The ALJ also considered whether Mr. Swindler met the criteria of “paragraph C” with respect to Listings 12.03, 12.04, and 12.06. (R. 24-25). Paragraph C is to be used when there is a medically documented history of “a chronic organic mental disorder, schizophrenia, or some other paranoid or psychotic disorder, or an affective disorder.” (Id.); see also 20 C.F.R. Pt. 404, Subpt. P, App. 1, § 12.00 (2012). The ALJ found Plaintiff's mental impairments had “not caused any of the limitations set forth” in paragraph C and Plaintiff “had not experienced any episodes of decompensation.” (R. 25). Based on these findings, the ALJ found Mr. Swindler did not satisfy the criteria of paragraph C, and thus, Plaintiff's mental impairments did not meet or medically equal any of the listed impairments set forth in the applicable regulations. (Id.).

         Before proceeding to step four, the ALJ determined Plaintiff had the RFC to perform light work as defined in 20 CFR § 416.967(a) with the following limitations:

[T]he claimant can never climb ladders, ropes, or scaffolds and as such, should avoid all exposure to the operation or control of hazardous or moving machinery and to unprotected heights. The claimant can occasionally climb ramps and stairs, balance, stoop, kneel, crouch, and crawl. The claimant can bilaterally handle and finger for gross and fine manipulation no more than frequently. The claimant can understand, remember, and carry out no more than simple instructions and can perform simple, one to two step tasks. The claimant requires a low stress setting, which is defined as occasional decision making and infrequent changes in the workplace. Contact with the public and coworkers should be no more than occasional.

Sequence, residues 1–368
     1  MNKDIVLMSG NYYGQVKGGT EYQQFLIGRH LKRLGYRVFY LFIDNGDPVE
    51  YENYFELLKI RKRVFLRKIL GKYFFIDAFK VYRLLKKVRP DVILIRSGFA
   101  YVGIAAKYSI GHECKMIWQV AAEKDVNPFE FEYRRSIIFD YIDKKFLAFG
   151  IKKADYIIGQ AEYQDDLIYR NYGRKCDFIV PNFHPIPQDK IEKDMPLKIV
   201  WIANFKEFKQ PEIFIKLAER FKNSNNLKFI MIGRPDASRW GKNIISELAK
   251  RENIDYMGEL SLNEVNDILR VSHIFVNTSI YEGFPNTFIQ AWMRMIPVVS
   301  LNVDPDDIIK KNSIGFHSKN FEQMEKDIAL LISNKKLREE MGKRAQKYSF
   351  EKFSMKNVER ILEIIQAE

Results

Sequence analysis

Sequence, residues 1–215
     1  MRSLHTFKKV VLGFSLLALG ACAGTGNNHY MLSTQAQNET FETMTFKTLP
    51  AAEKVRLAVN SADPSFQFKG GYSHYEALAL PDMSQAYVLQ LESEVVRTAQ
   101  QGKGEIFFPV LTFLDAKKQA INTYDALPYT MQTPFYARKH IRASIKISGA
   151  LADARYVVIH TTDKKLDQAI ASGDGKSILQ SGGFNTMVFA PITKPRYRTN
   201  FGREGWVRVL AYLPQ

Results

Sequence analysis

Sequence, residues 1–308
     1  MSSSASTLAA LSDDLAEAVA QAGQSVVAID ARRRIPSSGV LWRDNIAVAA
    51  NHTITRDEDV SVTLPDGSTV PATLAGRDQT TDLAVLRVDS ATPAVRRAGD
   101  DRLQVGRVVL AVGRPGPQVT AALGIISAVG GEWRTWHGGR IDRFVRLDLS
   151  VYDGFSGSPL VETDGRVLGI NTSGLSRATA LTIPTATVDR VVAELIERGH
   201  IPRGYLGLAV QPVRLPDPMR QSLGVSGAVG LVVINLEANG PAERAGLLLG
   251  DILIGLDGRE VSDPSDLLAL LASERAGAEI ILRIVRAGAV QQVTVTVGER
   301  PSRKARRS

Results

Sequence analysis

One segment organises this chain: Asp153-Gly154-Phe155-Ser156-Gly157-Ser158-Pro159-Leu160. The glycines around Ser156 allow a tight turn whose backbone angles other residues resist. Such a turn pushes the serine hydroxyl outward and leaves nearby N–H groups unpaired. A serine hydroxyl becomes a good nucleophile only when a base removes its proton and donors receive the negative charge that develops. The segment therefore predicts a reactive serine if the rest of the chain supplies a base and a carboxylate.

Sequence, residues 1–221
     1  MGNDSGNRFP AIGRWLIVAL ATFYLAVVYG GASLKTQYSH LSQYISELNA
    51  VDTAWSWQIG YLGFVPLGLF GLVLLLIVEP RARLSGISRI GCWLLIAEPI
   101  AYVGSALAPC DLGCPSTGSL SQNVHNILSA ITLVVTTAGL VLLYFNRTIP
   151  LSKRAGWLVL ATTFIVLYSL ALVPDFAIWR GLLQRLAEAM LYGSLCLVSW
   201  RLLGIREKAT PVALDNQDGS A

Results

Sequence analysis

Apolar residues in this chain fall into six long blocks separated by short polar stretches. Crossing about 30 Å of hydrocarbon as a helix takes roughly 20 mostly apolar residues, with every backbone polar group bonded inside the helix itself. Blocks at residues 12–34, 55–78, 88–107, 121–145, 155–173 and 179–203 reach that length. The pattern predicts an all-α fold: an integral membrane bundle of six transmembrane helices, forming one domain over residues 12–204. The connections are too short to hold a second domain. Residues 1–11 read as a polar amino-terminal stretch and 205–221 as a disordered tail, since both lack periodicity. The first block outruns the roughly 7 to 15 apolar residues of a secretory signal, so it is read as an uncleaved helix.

(R. 25).

         At step four, the ALJ determined Plaintiff was unable to perform any of his past relevant work. (R. 29-30). Because the Plaintiff's RFC did not allow for the full range of light work, the ALJ relied on the testimony of a vocational expert ("VE") as evidence for finding a significant number of jobs in the national economy Mr. Swindler can perform. (R. 30-31). In reaching his conclusions, the ALJ considered the medical opinions of several physicians. (R. 29). The ALJ concluded by finding Mr. Swindler was not disabled. (R. 31).

         II.STANDARD OF REVIEW

         A court's role in reviewing claims brought under the Social Security Act is a narrow one. The scope of its review is limited to determining (1) whether there is substantial evidence in the record as a whole to support the findings of the Commissioner, and (2) whether the correct legal standards were applied. See Stone v. Comm'r of Soc. Sec., 544 F.App'x 839, 841 (11th Cir. 2013) (citing Crawford v. Comm'r of Soc. Sec., 363 F.3d 1155, 1158 (11th Cir. 2004)). A court gives deference to the factual findings of the Commissioner, provided those ...